Dyeing operations are used at various stages of production to add color and intricacy to textiles and increase product value. Most dyeing is performed either by the finishing division of vertically integrated textile companies or by specialty dyehouses. Specialty dyehouses operate either on a commission basis or purchase greige goods and finish them before selling them to apparel and other product manufacturers.
Textiles are dyed using a wide range of dyestuffs, techniques, and equipment. Dyes used by the textile industry are largely synthetic, typically derived from coal tar and petroleum-based intermediates. Dyes are sold as powders, granules, pastes, and liquid dispersions, with concentrations of active ingredients ranging typically from 20 to 80 percent.
Methods of Dyeing
Dyeing can be performed using continuous or batch processes. In batch dyeing, a certain amount of textile substrate, usually 100 to 1,000 kilograms, is loaded into a dyeing machine and brought to equilibrium, or near equilibrium, with a solution containing the dye. Because the dyes have an affinity for the fibers, the dye molecules leave the dye solution and enter the fibers over a period of minutes to hours, depending on the type of dye and fabric used.
Natural INDIGO Dye – THE KING OF NATURAL DYES
Auxiliary chemicals and controlled dyebath conditions (mainly temperature) accelerate and optimize the action. The dye is fixed in the fiber using heat and/or chemicals, and the tinted textile substrate is washed to remove unfixed dyes and chemicals. Common methods of a batch, or exhaust, dyeing include beam, beck, jet, and jig processing. Pad dyeing can be performed by either batch or continuous processes.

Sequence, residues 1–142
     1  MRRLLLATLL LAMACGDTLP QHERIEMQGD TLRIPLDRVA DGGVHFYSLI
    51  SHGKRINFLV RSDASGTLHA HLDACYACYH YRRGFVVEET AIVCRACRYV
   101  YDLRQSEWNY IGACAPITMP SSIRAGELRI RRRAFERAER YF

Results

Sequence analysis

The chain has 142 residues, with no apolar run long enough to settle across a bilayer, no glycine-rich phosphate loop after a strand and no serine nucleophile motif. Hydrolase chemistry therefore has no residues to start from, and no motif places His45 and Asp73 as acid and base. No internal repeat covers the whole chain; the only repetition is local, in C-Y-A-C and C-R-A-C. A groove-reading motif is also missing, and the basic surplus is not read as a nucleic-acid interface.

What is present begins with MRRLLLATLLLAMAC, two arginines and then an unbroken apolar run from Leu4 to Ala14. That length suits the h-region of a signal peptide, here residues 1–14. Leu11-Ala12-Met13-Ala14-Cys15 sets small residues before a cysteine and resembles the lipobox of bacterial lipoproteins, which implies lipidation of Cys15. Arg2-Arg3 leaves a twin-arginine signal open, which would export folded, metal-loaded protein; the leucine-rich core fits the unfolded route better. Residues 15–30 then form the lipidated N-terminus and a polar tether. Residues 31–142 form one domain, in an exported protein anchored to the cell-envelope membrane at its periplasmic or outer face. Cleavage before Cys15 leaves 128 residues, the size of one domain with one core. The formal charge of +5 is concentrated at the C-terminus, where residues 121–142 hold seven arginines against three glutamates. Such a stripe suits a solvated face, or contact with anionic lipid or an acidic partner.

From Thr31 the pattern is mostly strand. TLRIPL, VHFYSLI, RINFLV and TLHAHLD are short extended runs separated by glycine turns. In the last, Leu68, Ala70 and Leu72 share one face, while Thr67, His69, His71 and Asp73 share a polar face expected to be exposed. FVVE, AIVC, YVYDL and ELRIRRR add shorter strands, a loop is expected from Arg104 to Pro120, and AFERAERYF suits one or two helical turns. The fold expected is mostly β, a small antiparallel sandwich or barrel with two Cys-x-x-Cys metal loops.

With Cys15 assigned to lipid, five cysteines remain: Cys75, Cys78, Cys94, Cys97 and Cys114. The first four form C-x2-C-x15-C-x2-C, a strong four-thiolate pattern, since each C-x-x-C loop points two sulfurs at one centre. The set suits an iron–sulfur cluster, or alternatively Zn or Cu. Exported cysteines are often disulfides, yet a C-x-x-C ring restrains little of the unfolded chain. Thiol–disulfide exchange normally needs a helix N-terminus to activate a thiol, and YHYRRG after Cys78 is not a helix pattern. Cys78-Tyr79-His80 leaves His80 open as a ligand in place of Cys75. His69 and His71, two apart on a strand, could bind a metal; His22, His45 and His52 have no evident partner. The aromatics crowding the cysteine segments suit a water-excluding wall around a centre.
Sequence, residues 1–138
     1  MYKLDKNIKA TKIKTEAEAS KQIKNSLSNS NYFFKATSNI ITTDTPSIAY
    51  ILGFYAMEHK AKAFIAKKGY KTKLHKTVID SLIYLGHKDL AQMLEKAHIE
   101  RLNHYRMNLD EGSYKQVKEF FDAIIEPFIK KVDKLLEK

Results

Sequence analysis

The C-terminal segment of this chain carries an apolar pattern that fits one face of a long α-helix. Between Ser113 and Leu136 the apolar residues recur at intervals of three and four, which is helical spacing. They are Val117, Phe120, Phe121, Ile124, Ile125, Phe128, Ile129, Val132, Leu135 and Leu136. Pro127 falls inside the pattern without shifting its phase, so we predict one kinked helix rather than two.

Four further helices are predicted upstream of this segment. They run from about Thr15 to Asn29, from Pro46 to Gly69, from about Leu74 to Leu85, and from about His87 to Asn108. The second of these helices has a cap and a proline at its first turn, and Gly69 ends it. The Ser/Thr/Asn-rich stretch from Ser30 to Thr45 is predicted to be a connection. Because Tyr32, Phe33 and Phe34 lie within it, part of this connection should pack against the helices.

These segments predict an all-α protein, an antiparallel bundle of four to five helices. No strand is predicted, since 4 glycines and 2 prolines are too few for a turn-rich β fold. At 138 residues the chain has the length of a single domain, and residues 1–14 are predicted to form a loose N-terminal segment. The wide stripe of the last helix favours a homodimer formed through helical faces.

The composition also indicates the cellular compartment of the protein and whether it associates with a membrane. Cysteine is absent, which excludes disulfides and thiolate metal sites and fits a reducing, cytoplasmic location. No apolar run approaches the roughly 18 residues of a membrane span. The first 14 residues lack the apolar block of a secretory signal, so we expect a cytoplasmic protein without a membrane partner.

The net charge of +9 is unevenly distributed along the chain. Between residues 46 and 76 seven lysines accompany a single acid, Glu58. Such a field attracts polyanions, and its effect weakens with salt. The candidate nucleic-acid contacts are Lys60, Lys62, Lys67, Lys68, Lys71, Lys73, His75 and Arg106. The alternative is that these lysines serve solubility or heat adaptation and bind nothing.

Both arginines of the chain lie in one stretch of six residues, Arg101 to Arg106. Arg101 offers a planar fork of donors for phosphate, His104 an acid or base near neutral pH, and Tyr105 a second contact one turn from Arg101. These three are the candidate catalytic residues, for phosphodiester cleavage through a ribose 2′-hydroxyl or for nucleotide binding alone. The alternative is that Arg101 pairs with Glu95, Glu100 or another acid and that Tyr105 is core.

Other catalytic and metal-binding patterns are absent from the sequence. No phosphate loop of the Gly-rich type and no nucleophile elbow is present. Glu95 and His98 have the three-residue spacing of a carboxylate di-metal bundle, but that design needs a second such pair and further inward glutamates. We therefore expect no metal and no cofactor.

In continuous dyeing processes, textiles are fed continuously into a dye range at speeds usually between 50 and 250 meters per minute. Continuous dyeing accounts for about 60 percent of total yardage of product dyed in the industry (Snowden-Swan, 1995).
To be economical, this may require the dyer to process 10,000 meters of textiles or more per color, although specialty ranges are now being designed to run as little as 2,000 meters economically. Continuous dyeing processes typically consist of dye application, dye fixation
with chemicals or heat, and washing.
Dye fixation is a measure of the amount of the percentage of dye in a bath that will fix to the fibers of the textile material. Dye fixation on the fiber occurs much more rapidly in continuous
dying than in batch dyeing.
Each dyeing process requires different amounts of dye per unit of fabric to be dyed. This is significant since color and salts in wastewater from spent dyes are often a pollution concern for textile facilities. In addition, less dye used results in energy conservation and chemical savings. The amounts of dye used to depend on the dye are exhausted from the dyebaths which determine the required dyebath ratio.
The dyebath ratio is the ratio of the units of dye required per unit of fabric and typically ranges from 5 to 50 depending on the type of dye, dyeing system, and affinity of the dyes for the fibers. Dyeing processes may take place at any of several stages of the manufacturing process (fibers, yarn, piece-dyeing). Stock dyeing is used to dye fibers. Top dyeing is used to dye combed wool sliver. Yarn dyeing and piece dyeing, done after the yarn has been constructed into fabric.